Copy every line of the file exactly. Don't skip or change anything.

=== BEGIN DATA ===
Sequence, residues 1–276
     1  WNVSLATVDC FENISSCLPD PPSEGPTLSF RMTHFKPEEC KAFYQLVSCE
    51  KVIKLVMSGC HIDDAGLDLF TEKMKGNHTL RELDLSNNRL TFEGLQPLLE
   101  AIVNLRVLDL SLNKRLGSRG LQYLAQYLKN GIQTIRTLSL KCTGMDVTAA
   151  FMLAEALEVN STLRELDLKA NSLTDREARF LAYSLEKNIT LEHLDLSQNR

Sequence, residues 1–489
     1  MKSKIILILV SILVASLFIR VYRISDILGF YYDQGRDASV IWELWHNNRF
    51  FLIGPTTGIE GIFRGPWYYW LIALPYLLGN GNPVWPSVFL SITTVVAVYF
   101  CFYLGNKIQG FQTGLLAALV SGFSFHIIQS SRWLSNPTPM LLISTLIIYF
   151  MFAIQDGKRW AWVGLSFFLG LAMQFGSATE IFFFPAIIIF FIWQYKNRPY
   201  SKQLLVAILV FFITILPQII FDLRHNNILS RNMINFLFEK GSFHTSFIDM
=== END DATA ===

Sequence, residues 1–276
     1  WNVSLATVDC FENISSCLPD PPSEGPTLSF RMTHFKPEEC KAFYQLVSCE
    51  KVIKLVMSGC HIDDAGLDLF TEKMKGNHTL RELDLSNNRL TFEGLQPLLE
   101  AIVNLRVLDL SLNKRLGSRG LQYLAQYLKN GIQTIRTLSL KCTGMDVTAA
   151  FMLAEALEVN STLRELDLKA NSLTDREARF LAYSLEKNIT LEHLDLSQNR

Sequence, residues 1–489
     1  MKSKIILILV SILVASLFIR VYRISDILGF YYDQGRDASV IWELWHNNRF
    51  FLIGPTTGIE GIFRGPWYYW LIALPYLLGN GNPVWPSVFL SITTVVAVYF
   101  CFYLGNKIQG FQTGLLAALV SGFSFHIIQS SRWLSNPTPM LLISTLIIYF
   151  MFAIQDGKRW AWVGLSFFLG LAMQFGSATE IFFFPAIIIF FIWQYKNRPY
   201  SKQLLVAILV FFITILPQII FDLRHNNILS RNMINFLFEK GSFHTSFIDM